Douglas Milewski (dacuteturtle) wrote,
Douglas Milewski
dacuteturtle

The Power that Preserves (Top Fantasy Novels of the 1970s)

The Power that Preserves concludes the Chronicles of Thomas Covenant the Unbeliever. If you'e made it this far, you surely know what you expecting, giving you a grimly grim experience of grimdon. If you've enjoyed the series so far, you'll get more of what you expected, but even more so. If you don't like Thomas Covenant, then I can't fathom why you're even bothering. And if you're on the fence, this book will most likely knock you off the fence, onto your back, and kick you in the belly, just for good measure. This book doesn't believe in wishy-washiness.

After a week back in the real world, Thomas Covenant returns to the Land. Lord Foul has the world in a grip of eternal winter, a magical polar vortex. His army marches towards Revelstone, well over 200,000 strong. In desperation, the Lords call on Covenant once more.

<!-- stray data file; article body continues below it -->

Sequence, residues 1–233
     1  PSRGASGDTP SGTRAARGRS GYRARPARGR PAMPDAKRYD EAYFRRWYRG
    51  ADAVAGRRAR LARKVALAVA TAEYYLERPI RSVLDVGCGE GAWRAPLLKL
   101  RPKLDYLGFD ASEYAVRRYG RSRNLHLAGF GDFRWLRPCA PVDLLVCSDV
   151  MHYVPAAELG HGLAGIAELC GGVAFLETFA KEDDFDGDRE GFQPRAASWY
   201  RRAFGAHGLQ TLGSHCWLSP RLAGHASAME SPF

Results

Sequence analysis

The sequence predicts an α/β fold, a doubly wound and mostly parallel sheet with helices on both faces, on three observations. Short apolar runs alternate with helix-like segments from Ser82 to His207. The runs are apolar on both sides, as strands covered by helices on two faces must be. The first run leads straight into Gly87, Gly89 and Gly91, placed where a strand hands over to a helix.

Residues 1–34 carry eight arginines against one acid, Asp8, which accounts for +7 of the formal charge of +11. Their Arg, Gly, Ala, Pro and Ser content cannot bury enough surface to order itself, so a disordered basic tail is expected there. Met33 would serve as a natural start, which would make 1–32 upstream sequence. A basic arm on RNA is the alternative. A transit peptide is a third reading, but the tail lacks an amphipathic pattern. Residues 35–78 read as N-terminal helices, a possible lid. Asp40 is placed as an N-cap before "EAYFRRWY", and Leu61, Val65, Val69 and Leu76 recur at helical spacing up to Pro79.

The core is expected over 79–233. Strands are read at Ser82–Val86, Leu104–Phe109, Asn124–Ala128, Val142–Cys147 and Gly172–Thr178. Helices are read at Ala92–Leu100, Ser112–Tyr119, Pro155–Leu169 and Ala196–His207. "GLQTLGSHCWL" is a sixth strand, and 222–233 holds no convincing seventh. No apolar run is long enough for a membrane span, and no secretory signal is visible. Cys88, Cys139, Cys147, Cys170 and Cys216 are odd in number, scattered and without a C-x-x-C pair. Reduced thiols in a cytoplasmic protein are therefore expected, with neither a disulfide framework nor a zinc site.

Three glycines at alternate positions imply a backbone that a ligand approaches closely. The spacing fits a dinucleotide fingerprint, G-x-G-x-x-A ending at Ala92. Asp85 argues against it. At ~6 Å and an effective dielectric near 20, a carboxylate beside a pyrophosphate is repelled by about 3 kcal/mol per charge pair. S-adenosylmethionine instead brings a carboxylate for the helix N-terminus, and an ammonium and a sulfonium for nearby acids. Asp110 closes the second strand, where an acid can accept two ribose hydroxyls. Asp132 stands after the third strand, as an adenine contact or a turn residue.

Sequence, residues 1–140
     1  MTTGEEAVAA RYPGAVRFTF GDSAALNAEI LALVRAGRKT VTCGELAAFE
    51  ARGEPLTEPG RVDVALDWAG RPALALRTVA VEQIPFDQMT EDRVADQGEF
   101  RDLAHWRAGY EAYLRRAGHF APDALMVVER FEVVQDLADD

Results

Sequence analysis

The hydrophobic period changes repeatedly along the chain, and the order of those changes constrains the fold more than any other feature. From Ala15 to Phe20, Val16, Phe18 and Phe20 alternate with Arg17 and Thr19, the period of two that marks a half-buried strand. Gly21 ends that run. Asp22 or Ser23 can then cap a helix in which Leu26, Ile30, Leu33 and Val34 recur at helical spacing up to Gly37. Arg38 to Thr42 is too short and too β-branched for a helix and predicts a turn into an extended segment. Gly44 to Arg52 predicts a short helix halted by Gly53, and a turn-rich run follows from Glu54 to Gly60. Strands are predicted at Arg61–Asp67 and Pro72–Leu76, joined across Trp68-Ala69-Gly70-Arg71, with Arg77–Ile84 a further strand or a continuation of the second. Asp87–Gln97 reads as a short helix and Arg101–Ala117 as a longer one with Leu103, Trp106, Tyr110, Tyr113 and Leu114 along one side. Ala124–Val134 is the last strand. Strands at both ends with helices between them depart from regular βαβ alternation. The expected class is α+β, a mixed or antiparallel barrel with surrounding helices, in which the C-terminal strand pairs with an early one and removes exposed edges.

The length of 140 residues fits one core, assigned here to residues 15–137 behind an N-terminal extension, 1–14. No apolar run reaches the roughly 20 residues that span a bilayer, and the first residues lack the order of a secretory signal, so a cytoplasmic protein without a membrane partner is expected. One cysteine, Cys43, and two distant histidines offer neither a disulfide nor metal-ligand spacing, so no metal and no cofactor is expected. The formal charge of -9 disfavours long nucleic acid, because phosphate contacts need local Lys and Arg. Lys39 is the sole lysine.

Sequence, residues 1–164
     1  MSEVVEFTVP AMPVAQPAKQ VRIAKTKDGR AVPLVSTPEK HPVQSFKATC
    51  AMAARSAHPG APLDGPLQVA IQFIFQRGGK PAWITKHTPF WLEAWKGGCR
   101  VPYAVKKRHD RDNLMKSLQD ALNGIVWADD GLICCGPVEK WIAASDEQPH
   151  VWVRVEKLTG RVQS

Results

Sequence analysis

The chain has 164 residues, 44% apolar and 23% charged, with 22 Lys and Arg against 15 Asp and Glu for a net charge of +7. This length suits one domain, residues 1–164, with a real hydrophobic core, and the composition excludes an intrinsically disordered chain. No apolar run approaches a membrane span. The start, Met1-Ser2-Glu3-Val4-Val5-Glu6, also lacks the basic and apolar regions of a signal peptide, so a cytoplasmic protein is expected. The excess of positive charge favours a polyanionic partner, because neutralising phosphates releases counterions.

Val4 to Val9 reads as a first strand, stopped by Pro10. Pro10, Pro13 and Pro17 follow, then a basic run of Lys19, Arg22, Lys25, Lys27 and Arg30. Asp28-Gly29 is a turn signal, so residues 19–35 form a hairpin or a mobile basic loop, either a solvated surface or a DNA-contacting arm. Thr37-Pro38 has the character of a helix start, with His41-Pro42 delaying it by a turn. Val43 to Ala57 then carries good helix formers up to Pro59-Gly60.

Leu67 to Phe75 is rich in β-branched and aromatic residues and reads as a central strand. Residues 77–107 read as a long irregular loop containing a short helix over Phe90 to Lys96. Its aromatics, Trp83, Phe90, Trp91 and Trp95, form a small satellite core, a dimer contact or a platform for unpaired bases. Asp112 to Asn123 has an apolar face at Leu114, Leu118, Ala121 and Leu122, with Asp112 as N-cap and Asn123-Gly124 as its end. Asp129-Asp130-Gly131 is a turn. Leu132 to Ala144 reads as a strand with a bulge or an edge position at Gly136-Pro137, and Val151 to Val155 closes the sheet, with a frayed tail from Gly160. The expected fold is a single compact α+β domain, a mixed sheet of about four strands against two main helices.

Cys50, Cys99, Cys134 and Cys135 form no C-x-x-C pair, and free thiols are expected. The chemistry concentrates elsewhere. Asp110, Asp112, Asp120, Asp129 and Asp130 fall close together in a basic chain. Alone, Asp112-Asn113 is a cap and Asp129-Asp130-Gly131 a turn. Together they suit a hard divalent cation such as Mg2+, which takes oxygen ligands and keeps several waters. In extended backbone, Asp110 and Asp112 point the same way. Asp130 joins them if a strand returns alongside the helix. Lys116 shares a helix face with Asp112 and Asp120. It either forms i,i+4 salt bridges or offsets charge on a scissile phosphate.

After that, it gets grim.

When I was sixteen, I thought this among the best fantasy novels that I'd ever read. I'm not sixteen any more, so I can admit that I was wrong. What seemed cool and complex then seems rather contrived now. I'm not going to knock Donaldson for trying, for seeking to make a more meaningful fantasy novel. In many ways, he succeeded, but to get there, you need to go through an emotionally hostile work. The emotional and philosophic grind tolls you far more than the conclusion uplifts you. If you expect the nature of the book to fill your abstract needs, then like a food with costs more calories than it gives, gorging yourself only leaves you feeling emptier.

When I was sixteen, I read every word. On this read through, I skimmed massively. Any editor could easily cut half the words from this story without altering either the mood or the world building. Like they say up north, for what it is, there sure is a lot of it.
Tags: 1970s, book review
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